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Commercial banks in Nigeria have lowered the amount you can spend with your debit card abroad to $20 per month.

Nigerians can’t spend more than $20 on their naira debit cards monthly. Nigeria still needs foreign cash, even though energy prices have increased recently.

In February, the United Bank of Africa said the limit would be raised. They stated, “In an effort to provide our consumers with the most up-to-date information, we have reviewed the limitations placed on Naira Card transactions executed outside of Nigeria.”

Some financial companies work with international companies that can offer virtual dollar cards, but the prices are higher than on the black market.

Many Nigerians who send money to the U.S. through this route are worried. Its replacement, Chipper Cash, doesn’t give new customers dollar virtual cards. When a timeline is ready, the company will let people know.

International bank Standard Chartered Bank stopped using debit cards in other countries on August 1. This email came from the bank’s head of deposits, debit cards, and mortgages.

Nigerians can use debit cards worth naira to buy things online that cost U.S. dollars, but each purchase takes money out of their naira accounts at the current exchange rate.

Small tech businesses and Nigerians who trade in dollars don’t know what will happen. Limits on spending and stopping virtual cards hurt businesses. A local currency card can’t be used to import or buy for a business that doesn’t have a domestic account.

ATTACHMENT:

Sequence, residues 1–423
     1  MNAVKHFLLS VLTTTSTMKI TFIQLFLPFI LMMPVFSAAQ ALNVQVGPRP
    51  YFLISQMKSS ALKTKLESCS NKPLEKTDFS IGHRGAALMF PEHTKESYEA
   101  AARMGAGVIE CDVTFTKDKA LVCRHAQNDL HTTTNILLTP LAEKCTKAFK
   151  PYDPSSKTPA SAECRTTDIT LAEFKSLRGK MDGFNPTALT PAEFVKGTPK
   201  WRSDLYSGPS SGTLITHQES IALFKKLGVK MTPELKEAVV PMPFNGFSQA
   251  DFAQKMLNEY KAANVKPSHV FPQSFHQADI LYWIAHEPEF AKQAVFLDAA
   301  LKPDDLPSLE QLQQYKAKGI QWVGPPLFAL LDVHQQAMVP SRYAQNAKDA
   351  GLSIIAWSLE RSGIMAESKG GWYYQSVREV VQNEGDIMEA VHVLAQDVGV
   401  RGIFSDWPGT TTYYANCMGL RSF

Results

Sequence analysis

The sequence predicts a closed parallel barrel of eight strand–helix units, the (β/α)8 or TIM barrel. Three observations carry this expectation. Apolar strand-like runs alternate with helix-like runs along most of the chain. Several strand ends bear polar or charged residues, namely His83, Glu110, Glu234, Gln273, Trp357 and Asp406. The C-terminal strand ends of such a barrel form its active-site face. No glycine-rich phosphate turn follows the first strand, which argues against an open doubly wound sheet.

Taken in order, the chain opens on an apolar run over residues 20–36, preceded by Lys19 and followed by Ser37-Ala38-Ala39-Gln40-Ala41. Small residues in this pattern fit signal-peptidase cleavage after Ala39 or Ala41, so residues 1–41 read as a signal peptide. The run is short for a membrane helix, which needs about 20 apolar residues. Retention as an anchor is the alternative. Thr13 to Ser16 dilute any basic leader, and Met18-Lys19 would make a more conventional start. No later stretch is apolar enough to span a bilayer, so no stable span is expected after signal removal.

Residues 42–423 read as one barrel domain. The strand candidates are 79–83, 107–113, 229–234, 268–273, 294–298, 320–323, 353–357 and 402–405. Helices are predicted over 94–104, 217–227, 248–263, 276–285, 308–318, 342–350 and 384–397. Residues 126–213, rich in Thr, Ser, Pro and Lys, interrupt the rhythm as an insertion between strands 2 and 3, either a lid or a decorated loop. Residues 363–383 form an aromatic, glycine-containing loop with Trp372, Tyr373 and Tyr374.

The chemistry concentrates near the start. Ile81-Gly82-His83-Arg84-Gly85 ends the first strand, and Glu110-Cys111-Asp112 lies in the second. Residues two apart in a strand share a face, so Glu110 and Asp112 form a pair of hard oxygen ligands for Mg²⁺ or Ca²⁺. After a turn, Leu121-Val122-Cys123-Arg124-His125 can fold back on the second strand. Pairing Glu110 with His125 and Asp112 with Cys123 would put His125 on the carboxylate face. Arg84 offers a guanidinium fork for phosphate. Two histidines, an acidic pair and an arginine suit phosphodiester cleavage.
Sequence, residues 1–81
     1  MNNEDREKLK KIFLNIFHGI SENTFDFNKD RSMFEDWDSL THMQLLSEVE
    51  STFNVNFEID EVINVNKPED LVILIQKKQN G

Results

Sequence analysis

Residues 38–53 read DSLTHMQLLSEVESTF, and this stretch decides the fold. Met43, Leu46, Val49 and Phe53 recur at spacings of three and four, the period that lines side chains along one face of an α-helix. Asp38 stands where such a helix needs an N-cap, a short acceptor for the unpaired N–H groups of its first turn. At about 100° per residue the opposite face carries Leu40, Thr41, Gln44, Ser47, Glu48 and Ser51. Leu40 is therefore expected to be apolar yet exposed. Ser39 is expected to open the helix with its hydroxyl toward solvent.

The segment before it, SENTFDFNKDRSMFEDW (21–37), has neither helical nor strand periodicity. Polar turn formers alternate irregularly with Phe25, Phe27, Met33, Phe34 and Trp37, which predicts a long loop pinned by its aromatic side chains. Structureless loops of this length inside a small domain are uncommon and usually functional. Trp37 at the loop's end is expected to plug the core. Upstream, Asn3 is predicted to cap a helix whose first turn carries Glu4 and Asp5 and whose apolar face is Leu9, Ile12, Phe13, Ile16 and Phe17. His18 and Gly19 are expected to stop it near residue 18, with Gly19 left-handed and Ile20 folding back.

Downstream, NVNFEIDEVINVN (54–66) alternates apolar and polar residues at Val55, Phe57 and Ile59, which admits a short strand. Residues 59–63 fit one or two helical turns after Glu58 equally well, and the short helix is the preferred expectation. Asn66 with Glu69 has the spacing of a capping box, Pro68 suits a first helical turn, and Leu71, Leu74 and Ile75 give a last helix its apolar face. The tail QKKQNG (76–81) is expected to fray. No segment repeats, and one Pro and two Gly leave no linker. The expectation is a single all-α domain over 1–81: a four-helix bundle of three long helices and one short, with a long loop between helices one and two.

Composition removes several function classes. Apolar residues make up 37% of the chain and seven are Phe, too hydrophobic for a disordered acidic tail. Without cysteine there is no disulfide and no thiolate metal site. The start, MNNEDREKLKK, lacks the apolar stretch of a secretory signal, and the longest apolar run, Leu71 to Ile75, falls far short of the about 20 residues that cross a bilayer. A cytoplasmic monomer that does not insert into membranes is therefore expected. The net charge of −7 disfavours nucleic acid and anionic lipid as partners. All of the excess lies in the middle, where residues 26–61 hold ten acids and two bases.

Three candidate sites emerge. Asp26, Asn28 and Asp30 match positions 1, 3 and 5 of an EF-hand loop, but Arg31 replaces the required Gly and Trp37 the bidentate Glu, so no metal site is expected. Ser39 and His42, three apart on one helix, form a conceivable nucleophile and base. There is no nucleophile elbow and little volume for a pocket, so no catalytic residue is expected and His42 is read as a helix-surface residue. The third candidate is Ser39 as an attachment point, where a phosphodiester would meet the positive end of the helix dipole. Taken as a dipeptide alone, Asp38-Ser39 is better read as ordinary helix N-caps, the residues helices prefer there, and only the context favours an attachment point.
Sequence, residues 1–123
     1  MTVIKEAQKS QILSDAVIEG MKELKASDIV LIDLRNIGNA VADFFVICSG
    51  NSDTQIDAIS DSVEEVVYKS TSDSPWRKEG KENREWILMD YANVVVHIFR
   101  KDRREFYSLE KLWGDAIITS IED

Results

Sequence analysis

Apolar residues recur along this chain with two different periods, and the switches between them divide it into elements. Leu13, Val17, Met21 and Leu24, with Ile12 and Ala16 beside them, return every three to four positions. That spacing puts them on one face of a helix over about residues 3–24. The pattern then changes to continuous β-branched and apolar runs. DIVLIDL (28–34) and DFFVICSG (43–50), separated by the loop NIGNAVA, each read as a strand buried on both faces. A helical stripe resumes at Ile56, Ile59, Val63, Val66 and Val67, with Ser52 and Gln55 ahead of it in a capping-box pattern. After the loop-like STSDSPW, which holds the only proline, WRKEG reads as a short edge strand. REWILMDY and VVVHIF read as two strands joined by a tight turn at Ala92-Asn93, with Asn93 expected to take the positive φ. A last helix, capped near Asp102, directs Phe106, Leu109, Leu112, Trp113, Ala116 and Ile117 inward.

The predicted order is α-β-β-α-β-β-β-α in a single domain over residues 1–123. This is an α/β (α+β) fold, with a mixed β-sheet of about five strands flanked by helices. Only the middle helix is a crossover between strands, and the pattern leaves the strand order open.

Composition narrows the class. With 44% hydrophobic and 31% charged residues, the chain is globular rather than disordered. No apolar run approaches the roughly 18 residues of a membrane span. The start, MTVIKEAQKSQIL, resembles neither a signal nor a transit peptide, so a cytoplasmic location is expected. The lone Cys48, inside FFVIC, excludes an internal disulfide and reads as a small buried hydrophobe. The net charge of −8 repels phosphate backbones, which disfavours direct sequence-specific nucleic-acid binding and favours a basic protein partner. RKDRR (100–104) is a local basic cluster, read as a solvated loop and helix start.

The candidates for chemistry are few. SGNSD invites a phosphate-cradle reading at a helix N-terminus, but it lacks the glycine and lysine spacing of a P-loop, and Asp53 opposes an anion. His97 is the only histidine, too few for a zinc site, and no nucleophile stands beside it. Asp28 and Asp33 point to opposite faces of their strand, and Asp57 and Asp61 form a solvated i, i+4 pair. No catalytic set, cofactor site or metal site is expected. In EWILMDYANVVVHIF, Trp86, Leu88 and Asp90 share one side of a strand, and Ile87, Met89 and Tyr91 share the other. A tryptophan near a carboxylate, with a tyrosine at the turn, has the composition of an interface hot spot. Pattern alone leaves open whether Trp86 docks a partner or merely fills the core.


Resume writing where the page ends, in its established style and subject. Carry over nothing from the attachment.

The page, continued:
The CEO of a Nigerian digital business, Lukman Ibrahim, said that the company’s cloud infrastructures are in the U.S. He said, “because of the spending limit, we couldn’t pay for all the infrastructures in dollars, which will hurt our business when we resubscribe next month.

“We’re applying for a multi-currency Visa card. When it comes out, the spending limit might be between $1000 and $3000, but it’s $20,000 for the local card.”

He lamented, “It’s a bad scenario; we’re using virtual cards, and most companies have discontinued their dollar cards.

According to Afeez Winjobi, a freelance designer who has a number of paid subscriptions to websites that contain design tools, the limit has made it more difficult for him to obtain new subscriptions, which is unfair. He remarked, “These platforms make it easier for my company to give superior services to our customers. Because it is detrimental to our company, this policy needs to be revised.”

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